Grab Announces Three ESG Goals for Sustainable and Inclusive Growth
Commits to doubling the number of marginalised individuals earning an income on its platform by 2025, achieving 40% female leadership by 2030 and becoming carbon neutral by 2040 Rolls out new programme, Grab Access, to make the platform more accessible […]
- Commits to doubling the number of marginalised individuals earning an income on its platform by 2025, achieving 40% female leadership by 2030 and becoming carbon neutral by 2040
- Rolls out new programme, Grab Access, to make the platform more accessible for marginalised individuals
- Consumers can view their personal impact report on the Grab app from 17 May
SINGAPORE, May 12, 2022 – Grab, Southeast Asia’s leading superapp, today announced three goals to drive sustainable and inclusive growth in Southeast Asia. The new goals are: 1) doubling the number of marginalised individuals earning income on its platform by 2025, 2) reaching 40% female leadership by 2030, and 3) achieving carbon neutrality by 2040. These goals were unveiled in the company’s annual Environment, Social and Governance (ESG) report released today.
“We have to confront two important realities in a rapidly growing digital economy. First, an unequal access to opportunities, and second, an acceleration of climate change. This is why we are focusing our ESG goals on driving inclusive growth and closely managing the environmental footprint of our ecosystem. Our journey to becoming a triple bottom line company reflects our strong belief that the long-term success of our business is intricately linked to the welfare of the communities we serve, and the health of our planet,” Anthony Tan, Co-Founder and Group Chief Executive Officer, Grab.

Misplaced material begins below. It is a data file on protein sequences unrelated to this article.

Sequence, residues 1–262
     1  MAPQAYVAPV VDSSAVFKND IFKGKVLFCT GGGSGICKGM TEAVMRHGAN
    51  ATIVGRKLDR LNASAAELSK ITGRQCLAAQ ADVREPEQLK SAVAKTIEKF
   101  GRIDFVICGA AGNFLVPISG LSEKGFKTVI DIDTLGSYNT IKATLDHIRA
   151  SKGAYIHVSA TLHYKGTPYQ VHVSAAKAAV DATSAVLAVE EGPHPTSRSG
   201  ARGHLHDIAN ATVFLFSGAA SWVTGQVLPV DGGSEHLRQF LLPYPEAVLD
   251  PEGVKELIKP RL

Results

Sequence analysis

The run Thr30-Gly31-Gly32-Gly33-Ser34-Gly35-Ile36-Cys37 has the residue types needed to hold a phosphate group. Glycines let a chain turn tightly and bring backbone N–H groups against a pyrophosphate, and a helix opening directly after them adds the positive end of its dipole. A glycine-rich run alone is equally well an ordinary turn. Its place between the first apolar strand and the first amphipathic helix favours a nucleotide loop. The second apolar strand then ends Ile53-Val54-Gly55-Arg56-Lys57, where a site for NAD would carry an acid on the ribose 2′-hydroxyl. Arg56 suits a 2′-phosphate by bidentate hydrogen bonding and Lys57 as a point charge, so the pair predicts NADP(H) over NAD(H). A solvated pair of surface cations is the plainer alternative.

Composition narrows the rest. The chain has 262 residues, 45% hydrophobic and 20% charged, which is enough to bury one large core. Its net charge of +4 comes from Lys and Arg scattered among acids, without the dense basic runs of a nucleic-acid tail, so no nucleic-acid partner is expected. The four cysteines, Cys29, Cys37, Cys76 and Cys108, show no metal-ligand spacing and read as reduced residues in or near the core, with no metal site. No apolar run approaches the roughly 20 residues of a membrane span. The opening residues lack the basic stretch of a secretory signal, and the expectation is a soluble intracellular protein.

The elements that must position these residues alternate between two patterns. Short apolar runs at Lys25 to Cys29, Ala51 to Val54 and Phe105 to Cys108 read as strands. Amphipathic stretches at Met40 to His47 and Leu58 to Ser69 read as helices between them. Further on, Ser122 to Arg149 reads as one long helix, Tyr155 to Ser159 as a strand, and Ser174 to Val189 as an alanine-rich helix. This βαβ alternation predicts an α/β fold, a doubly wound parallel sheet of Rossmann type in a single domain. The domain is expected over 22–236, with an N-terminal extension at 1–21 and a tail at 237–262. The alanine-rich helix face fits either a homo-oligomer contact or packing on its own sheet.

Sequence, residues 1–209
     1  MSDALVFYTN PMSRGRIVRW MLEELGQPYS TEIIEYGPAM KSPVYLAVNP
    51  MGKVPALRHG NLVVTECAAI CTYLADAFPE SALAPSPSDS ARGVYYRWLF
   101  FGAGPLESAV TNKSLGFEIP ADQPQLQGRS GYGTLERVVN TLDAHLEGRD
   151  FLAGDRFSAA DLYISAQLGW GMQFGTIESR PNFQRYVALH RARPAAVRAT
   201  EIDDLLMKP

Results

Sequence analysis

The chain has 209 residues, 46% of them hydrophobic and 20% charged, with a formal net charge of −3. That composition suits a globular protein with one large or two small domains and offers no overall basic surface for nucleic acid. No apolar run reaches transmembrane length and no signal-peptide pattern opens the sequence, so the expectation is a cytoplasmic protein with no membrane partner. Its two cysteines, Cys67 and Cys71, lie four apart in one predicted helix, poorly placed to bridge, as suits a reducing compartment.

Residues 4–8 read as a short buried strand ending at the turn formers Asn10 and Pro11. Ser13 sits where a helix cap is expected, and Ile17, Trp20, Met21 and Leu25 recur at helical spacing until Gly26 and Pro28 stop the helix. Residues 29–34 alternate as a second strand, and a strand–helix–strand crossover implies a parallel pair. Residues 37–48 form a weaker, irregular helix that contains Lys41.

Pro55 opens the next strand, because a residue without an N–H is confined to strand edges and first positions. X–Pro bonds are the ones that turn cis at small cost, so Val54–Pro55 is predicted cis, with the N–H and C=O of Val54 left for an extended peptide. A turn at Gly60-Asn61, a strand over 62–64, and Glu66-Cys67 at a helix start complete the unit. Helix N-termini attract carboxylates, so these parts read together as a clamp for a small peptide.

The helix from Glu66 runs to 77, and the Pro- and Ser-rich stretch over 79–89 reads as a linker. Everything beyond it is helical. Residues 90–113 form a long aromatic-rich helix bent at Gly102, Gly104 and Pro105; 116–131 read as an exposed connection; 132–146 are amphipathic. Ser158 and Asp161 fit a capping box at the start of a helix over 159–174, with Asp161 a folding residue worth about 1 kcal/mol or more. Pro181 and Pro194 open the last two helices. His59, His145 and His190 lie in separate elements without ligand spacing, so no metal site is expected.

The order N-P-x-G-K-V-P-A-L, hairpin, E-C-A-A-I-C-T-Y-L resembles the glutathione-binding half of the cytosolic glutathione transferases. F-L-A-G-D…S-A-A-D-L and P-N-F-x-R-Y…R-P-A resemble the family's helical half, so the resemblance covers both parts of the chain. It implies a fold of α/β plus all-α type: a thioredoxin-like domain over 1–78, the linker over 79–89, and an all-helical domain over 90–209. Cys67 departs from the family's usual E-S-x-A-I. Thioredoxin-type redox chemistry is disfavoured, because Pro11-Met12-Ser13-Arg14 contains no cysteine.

Grab’s ESG report also tracked the company’s impact in 2021 across key priority areas:
A hi-res version of this infographic can be downloaded here
- Grab continues to facilitate economic growth and uplift communities, bringing over 680,000 small merchant-partners onto the platform, and upskilling over 780,000 driver-partners through GrabAcademy. In 2021, Grab’s partners earned US$8.9 billion on the platform, a 24% increase from 2020. The company also contributed US$20 million from the GrabForGood fund to provide free Covid-19 vaccinations for partners.
- Ensuring the safety of Grab’s partners and consumers remains a top priority for Grab. On-demand deliveries boomed at the height of the pandemic. However, the industry also saw an increase in road traffic accidents during this period of time. Through additional safety measures and training, Grab’s accident rate for its delivery segment improved by 36% year-on-year, even against strong growth in its delivery business. In 2021, more than 99.99% of Grab’s rides occurred without any incident.
- Grab is committed to reducing greenhouse gas emissions and plastic waste. In 2021, Grab switched to powering all its corporate offices with 100% renewable energy, and launched a 100% low-emissions 2-wheel rental fleet in Indonesia.Grab’s carbon offset and cutlery toggle features enabled users to make greener choices in everyday decisions. The features contributed to the planting of over 42,000 trees regionally, offsetted more than 2,300 tonnes of greenhouse gas emissions through carbon credits, and reduced the use of more than 774 million sets of single-use cutlery.
New commitments as a triple bottom line company